Demand management-what are you really looking for?


I was recently in conversation with someone who’s company was struggling with lumpy demand, and he asked the question ‘what is the best system for demand management?’.  Well, the answer depends on what exactly he’s looking for.  This may mean taking a step back to understand why demand is so lumpy and thus, what are the capabilities that would help.

Here are some points for consideration:

Perhaps a statistical forecasting package that could produce a more accurate forecast based on historical demand patterns is enough.  I would suspect otherwise though.  With things changing so fast, historical demand alone is an unreliable predictor of the future.

Would aggregation of multiple demand inputs take out some of the bumps?  If so, then a collaborative demand planning system could be considered.   This system would capture various inputs, (such as sales projections, marketing projections, management judgement, and possibly a statistical forecast) to develop a single collaborative forecast that would provide a more insightful view of the demand picture.  But here’s the catch, in today’s volatile marketplace, your plan will never be 100% accurate.  While you might be able to reduce forecasting error, better planning isn’t going to reduce demand volatility. 

So if you can’t accurately plan demand, then you need to respond to it.  That requires you to:

  • Detect changes in real-time between the actual demand and your forecast,
  • Change your supply plans in response to those changes, and
  • Revise your forecast when appropriate.

But is this type of supply chain response agility enough?  Is improving customer service levels while reducing inventory risk in the face of volatility an urgent need?  If so, having the following capabilities can have significant impact on your performance:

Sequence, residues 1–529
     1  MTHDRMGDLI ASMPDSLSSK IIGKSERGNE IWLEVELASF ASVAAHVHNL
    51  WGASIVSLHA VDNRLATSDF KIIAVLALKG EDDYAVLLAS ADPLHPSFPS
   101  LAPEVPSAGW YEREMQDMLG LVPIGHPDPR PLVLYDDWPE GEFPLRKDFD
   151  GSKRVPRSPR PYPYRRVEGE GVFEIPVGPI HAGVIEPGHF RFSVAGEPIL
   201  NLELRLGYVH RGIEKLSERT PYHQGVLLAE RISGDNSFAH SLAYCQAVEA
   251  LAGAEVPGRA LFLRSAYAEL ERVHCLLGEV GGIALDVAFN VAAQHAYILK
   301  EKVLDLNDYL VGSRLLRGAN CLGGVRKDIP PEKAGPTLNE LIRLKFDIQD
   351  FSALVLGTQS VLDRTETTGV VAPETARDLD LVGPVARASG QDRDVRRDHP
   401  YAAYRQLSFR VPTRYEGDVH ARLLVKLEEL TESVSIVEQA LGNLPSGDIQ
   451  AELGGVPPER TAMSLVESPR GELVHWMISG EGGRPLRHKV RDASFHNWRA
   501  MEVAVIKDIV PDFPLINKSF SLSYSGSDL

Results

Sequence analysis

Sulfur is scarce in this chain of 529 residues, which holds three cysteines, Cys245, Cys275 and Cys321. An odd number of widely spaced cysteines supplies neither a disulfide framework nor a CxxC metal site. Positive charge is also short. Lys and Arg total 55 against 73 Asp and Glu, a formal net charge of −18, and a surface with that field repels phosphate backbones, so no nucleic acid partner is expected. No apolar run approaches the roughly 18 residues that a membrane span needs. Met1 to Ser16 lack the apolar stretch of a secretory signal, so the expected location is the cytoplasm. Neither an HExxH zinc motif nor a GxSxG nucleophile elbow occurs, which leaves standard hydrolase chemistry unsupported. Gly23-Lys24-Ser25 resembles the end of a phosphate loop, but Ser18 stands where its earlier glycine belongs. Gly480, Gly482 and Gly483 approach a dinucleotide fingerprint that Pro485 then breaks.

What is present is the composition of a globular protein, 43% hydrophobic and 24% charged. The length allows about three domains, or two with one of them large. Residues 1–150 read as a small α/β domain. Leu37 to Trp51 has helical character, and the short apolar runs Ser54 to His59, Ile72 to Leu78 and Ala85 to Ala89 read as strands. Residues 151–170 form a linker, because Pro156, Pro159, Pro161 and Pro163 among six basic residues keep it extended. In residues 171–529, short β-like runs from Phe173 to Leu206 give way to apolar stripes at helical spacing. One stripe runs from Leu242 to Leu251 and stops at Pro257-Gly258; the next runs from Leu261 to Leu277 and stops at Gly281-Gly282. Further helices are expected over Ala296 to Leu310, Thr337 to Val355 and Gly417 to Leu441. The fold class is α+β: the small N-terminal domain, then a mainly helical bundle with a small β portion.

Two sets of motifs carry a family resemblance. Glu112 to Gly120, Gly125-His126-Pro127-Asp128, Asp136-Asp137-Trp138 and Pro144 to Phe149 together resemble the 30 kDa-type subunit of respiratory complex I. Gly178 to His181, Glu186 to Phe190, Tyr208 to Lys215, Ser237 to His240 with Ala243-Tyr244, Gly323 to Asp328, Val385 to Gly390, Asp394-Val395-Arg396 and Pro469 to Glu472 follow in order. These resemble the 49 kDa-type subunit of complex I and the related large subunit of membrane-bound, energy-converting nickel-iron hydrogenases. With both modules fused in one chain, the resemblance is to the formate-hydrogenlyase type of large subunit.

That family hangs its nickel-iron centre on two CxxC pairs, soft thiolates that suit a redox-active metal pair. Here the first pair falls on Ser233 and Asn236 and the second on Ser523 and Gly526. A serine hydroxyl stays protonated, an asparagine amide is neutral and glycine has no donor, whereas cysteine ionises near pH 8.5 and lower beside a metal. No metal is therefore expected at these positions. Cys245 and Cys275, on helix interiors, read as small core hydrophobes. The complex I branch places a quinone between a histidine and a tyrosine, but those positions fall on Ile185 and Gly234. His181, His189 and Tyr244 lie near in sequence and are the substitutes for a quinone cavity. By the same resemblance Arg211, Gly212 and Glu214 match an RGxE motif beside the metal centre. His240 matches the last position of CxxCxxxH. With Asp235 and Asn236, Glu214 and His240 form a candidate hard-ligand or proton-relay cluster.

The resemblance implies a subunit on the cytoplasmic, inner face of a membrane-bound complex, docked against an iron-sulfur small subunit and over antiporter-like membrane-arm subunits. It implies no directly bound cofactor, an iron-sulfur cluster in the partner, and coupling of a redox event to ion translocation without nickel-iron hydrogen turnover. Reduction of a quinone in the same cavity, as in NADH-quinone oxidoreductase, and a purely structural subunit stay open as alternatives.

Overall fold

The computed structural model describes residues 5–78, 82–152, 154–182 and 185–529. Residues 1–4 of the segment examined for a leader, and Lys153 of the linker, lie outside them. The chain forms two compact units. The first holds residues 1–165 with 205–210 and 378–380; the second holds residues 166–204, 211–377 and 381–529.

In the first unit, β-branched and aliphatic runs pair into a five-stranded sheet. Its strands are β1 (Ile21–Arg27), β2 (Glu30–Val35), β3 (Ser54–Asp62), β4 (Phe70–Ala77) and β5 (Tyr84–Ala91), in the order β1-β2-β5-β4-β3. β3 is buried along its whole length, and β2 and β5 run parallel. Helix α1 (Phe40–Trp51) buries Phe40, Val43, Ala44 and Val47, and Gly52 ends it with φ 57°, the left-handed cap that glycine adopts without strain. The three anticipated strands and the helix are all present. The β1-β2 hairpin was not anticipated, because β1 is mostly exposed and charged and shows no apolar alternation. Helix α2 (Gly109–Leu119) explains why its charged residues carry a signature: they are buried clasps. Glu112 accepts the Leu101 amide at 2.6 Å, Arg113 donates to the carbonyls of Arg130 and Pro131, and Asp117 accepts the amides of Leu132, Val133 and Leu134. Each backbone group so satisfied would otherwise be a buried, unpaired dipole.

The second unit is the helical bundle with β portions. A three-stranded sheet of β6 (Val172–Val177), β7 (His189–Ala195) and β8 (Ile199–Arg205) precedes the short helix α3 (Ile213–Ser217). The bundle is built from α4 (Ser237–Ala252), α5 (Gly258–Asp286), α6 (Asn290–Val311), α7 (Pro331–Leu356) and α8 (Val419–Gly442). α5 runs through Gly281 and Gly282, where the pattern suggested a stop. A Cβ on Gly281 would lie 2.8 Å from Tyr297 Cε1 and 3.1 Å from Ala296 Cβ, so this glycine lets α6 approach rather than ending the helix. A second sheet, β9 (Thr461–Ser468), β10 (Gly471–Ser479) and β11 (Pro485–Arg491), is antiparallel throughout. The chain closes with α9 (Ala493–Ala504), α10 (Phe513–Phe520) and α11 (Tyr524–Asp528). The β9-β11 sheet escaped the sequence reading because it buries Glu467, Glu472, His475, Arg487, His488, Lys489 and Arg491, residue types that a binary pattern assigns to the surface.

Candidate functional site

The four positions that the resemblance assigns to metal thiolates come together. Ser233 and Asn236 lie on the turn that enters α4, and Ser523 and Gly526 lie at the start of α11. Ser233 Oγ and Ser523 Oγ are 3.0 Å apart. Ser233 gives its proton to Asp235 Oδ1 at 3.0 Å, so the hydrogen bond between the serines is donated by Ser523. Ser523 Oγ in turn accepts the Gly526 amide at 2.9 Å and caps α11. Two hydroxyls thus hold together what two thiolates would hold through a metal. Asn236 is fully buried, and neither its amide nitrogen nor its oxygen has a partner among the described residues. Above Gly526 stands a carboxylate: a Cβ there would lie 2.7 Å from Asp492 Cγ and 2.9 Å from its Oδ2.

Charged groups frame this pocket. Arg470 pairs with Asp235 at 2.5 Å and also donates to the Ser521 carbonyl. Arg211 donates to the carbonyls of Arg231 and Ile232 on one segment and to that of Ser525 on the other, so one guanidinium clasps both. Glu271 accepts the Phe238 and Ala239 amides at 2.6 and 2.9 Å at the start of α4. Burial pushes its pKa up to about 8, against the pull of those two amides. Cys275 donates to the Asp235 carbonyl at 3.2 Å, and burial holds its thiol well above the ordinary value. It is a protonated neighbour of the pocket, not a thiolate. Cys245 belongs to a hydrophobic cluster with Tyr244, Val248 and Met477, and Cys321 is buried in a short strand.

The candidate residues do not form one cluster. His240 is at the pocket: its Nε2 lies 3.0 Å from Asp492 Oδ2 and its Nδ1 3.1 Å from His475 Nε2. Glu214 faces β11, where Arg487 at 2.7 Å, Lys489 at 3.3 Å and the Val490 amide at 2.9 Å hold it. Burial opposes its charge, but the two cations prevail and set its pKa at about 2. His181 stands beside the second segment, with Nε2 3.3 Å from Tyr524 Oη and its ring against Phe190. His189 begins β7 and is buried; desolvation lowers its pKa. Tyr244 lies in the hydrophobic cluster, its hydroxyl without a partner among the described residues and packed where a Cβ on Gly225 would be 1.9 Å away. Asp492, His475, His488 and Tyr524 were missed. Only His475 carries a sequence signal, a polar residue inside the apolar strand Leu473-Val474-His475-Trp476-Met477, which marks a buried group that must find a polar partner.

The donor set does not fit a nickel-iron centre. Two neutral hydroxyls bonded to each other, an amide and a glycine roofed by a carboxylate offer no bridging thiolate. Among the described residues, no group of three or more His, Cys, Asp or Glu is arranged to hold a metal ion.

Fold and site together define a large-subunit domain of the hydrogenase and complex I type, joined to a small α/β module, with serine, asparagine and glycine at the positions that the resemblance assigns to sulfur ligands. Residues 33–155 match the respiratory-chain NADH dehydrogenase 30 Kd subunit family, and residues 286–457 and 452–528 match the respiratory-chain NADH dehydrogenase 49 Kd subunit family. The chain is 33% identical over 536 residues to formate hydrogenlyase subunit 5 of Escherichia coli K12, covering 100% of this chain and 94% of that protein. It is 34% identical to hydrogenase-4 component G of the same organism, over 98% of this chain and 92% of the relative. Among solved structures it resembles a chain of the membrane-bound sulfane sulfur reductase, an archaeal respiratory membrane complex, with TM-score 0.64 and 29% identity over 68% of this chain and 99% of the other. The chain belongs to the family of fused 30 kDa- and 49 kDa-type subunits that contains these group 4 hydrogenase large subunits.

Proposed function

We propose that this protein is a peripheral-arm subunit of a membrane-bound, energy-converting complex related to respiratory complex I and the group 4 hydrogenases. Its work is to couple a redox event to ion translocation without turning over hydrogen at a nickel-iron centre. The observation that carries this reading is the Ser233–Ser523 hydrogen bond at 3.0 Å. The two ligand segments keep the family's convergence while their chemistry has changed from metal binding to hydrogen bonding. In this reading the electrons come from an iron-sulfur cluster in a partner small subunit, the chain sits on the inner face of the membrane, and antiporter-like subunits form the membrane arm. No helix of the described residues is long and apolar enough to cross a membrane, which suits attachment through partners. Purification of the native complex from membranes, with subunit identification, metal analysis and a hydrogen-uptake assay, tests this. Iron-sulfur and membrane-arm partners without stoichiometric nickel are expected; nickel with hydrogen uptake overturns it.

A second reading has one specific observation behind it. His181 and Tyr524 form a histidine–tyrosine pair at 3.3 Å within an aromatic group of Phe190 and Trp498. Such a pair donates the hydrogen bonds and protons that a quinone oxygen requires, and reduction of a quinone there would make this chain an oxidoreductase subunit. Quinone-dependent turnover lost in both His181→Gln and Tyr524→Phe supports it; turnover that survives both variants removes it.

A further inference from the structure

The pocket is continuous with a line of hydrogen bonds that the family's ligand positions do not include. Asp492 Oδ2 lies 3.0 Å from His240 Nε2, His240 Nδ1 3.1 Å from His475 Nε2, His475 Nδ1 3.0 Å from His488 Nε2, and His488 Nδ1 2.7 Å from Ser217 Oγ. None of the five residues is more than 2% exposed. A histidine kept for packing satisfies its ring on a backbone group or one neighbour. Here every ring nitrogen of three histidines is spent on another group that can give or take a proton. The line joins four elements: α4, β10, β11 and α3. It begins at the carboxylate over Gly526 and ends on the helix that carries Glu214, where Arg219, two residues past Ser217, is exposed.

• Determine target inventory levels and resulting replenishment plans in order to handle the “lumpy” demand.
  • Detect when your inventory at various locations is in excess of current needs, especially if there is a shortage in that part in another location.
  • Link replenishment to satisfy demand with your supply side planning to determine viability of potential changes.
  • And when your supply simply can’t satisfy the demand fast enough, allocate the supply to particular orders or distribution channels, possibly based on a combination of fair share, equal share, and priority schemes.

That leaves just one more question:  What types of users do you expect, what actions and decisions do you expect them to take, and how do you expect people to interact with the demand management system?

In answering some of these questions, one might find that what they thought they needed would only cover some of the total demand management picture.  So, it comes down “what are you really looking for?”


Duncan Klett co-founded Kinaxis in 1984, at the time called Cadence Computer Corporation. Throughout his time at Kinaxis™, Duncan has focused on product innovation. Acting as the interface between manufacturers, the Kinaxis design team, and executives, Duncan has led the successful fulfillment of customer requirements.

In his current role as vice president, analytics research, Duncan draws on more than 30 years of experience with analytics and software solutions to design the next generation of Kinaxis product features to help brand owners, manufacturers and their entire supply chain network — from customers through to suppliers — gain a competitive advantage.

Prior to starting Kinaxis, Duncan held various positions with Bell Northern Research where he worked in the development of real-time software, and Mitel Corporation where he was Manager of IC Computer Aided Design.

Duncan is an OMN (Ottawa Manufacturers Network) advisory board member and regularly gives lectures at universities and industry events. Duncan holds a Bachelor of Applied Science and a Masters of Applied Science in Electrical Engineering from the University of British Columbia in Vancouver, Canada. He is also a certified Professional Engineer.

More blog posts by Duncan Klett

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